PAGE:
Homes lie in paths of bypass

April 28, 1994|By Amy L. Miller | Amy L. Miller,Sun Staff Writer

State Highway Administration officials said yesterday that the proposed southern route for a Westminster bypass would affect more properties than either of the suggested northern routes.

Meanwhile, Carroll County's Economic Development Commission (EDC) voted to recommend that county officials should investigate placing the proposed Interstate 795 extension on the Carroll master plan, but continue to push for state funding for a bypass around Westminster and another around the Route 30 communities of Hampstead and Manchester.

Carroll County Commissioner Donald I. Dell proposed the I-795 extension, which would run north between the Westminster and the Hampstead/Manchester area to the northeast, as a way to alleviate traffic congestion in all three communities.

The bypasses "cannot be held in isolation," said Robert A. "Max" Bair, county director of administrative services. "The objective here is to get to the destination equally as efficiently as getting around [the municipalities]."

For the Westminster bypass, state highway officials must eventually choose among several options, including a two northern routes, a southern route and various upgrades to Route 140.

Sue Rajan, SHA project manager for the proposed Westminster bypass, told the economic development group that the southern route would take about 35 homes and many lots under construction, cut a right of way through three historic sites and affect 6 acres of wetlands.

"The number of homes affected changes almost every day," she said, noting that the proposed route would pass through Eagleview, a new housing development off Uniontown Road. The southern proposal also would cut through the Wakefield Valley Golf and Conference Center and one of Westminster's fastest-growing areas.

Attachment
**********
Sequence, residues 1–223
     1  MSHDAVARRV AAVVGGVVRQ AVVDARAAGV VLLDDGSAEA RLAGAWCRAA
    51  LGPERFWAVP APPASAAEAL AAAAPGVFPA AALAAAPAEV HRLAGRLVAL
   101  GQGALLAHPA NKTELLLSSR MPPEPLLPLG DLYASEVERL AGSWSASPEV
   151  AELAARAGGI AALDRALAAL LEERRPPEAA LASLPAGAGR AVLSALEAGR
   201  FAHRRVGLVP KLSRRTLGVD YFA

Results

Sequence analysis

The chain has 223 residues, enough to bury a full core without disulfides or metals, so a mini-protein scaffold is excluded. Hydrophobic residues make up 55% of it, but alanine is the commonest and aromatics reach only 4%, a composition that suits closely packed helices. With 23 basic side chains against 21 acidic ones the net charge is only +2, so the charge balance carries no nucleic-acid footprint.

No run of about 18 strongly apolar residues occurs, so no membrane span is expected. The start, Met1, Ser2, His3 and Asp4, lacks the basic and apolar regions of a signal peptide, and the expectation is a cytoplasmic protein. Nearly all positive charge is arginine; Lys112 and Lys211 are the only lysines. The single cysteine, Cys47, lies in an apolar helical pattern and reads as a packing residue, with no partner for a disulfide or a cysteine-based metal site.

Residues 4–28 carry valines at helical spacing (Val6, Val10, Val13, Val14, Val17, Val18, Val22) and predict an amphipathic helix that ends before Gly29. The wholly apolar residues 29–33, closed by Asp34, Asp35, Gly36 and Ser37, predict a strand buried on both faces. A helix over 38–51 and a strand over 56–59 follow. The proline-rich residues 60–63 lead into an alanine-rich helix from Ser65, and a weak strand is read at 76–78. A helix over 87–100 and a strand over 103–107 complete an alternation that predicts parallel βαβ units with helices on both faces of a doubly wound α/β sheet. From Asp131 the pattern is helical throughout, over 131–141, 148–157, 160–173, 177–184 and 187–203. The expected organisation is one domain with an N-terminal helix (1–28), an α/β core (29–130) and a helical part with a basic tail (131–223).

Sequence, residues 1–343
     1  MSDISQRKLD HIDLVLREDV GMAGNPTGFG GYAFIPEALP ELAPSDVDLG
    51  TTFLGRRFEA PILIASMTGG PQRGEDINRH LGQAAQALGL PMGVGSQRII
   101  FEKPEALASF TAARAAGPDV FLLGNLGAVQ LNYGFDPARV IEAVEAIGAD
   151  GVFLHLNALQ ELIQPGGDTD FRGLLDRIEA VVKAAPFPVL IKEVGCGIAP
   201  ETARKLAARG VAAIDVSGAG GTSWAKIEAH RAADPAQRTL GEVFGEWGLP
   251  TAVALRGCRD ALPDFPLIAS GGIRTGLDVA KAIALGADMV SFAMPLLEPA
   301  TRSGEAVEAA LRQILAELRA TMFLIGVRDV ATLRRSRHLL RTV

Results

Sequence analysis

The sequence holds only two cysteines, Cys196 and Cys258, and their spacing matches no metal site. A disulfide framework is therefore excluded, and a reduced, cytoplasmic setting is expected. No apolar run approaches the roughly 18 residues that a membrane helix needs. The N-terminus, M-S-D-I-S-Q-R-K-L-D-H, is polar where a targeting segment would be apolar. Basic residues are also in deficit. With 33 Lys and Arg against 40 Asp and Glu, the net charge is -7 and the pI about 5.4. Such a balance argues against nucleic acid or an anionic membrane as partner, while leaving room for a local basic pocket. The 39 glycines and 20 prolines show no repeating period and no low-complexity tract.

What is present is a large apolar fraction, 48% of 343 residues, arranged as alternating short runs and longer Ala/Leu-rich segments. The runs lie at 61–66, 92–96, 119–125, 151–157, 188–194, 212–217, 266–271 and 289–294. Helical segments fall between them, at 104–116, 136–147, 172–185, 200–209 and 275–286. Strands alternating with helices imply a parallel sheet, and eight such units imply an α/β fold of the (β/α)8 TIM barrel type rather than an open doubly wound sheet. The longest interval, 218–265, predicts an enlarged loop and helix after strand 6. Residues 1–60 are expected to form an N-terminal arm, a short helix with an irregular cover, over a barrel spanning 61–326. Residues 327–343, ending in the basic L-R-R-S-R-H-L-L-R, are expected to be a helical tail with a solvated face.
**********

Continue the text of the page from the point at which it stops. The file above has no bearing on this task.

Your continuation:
"The maximum impact [with this option] is residential," Ms. Rajan said.

One northern route, already in the county's long-term master plan would take 29 homes -- three of which the county already has bought -- two businesses, cut a right of way through one historic site and have an impact on more than 12 acres of wetlands, she said.

An alternate northern route would take 27 homes -- including those purchased by the county -- three businesses, a right of way through an archaeological site, and have an impact on 7 acres of wetlands, Ms. Rajan said.

State and federal environmental officials had urged development of the alternate northern route to spare some of the wetlands, she said.

Ms. Rajan and James L. Wynn, an SHA engineer, assured EDC members that the state is working closely with county planners on the project and is aware that Carroll officials already have purchased much of the right of way along the northern route.

"That will play as a factor" in route selection, Mr. Wynn said.

Regardless of which route is chosen, state officials don't expect the project to be completed for seven to eight years, they said.

An open house-style informational meeting on the proposals will be from 6 to 9 p.m. May 26 at Westminster High School, Mr. Wynn said. Testimony will be accepted at 7 p.m. June 23 at the school after a 20-minute presentation, he said.

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